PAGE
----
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Farmers' groups reportedly hope that new chemical breakthroughs could help ease the pressure of a years-long slump in crop prices.

The Wall Street Journal reports that industry groups are promoting increases in the research that already helped turn corn and soybeans into everything from cosmetics to food packaging to vehicle seat cushions.

“We stepped back and said, ‘We need to find new uses,’” Paul Bertels of the National Corn Growers Association told the paper.

Supporters of bio-based chemicals suggested that they could whittle down the global oversupply that’s squeezed U.S. farmers in recent years.

(Image credit: Ford)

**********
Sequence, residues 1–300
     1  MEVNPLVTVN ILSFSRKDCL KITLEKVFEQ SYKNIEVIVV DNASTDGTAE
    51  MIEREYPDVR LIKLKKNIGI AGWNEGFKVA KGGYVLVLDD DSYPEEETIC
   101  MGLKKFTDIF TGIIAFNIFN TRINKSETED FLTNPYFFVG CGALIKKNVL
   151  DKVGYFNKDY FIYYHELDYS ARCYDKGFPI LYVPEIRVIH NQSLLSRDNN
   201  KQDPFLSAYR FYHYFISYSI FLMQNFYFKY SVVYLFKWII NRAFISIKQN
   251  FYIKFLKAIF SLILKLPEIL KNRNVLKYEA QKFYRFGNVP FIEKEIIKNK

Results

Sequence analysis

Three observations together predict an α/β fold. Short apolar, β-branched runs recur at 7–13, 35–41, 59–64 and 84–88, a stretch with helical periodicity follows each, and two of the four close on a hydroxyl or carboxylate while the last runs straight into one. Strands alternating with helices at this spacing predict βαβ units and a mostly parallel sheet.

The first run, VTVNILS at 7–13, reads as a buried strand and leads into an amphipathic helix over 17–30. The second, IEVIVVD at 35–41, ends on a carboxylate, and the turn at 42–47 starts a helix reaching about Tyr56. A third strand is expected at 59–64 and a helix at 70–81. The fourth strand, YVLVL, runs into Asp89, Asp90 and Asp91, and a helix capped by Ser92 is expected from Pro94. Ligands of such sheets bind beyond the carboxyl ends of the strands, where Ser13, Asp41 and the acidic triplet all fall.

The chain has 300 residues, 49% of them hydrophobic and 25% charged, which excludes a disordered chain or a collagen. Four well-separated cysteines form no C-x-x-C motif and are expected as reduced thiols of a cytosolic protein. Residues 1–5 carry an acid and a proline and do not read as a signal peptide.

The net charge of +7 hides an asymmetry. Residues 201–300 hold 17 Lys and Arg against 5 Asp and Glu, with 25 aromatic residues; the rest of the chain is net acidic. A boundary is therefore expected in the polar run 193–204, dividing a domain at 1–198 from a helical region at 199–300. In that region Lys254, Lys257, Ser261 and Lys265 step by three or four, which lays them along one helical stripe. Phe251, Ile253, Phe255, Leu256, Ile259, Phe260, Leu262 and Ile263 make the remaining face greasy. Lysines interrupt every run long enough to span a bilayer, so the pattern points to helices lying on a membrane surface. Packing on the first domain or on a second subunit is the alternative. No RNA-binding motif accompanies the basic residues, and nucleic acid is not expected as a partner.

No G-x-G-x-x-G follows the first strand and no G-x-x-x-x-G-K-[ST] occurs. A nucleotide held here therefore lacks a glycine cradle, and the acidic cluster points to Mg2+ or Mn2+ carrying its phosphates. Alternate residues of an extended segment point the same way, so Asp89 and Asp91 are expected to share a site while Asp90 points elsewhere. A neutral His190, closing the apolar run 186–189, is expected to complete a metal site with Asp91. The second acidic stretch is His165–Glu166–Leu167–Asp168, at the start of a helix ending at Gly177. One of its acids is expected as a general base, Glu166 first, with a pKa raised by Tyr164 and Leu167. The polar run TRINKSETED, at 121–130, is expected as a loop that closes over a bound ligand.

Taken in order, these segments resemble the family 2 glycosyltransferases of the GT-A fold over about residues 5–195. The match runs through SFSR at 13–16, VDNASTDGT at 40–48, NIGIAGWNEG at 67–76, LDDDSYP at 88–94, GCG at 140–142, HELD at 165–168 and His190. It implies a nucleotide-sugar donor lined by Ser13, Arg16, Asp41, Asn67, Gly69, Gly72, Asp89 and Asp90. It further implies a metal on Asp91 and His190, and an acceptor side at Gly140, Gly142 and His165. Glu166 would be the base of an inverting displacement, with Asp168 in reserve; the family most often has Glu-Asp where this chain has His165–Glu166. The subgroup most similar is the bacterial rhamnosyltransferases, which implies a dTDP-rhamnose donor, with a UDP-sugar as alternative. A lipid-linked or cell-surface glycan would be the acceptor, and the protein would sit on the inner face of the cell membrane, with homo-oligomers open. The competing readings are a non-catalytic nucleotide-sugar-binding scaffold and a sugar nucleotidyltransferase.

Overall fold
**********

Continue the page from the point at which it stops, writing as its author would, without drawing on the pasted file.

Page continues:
They also noted that customers tend to pay more for sustainable products and that, if more renewable materials were incorporated, manufacturers would not need to rely as much on unpredictable oil prices.

Critics, however, said that farmers were unlikely to see much of a financial windfall from that trend. Others noted that chemical uses account for a miniscule portion of the overall crop market, and that those crops will be needed to feed a growing global population in coming decades.

Rapidly scaling up new uses for crops, however, is not without precedent; the report noted that the percentage of the domestic corn harvest used for ethanol climbed from less than 1 percent in the early 1980s to nearly 40 percent last year.

“Ford isn’t running soy in their seats because they think it’s a neat thing to do,” Keith Cockerline of the United Soybean Board told the Journal. “It’s because they’re making money at it.”

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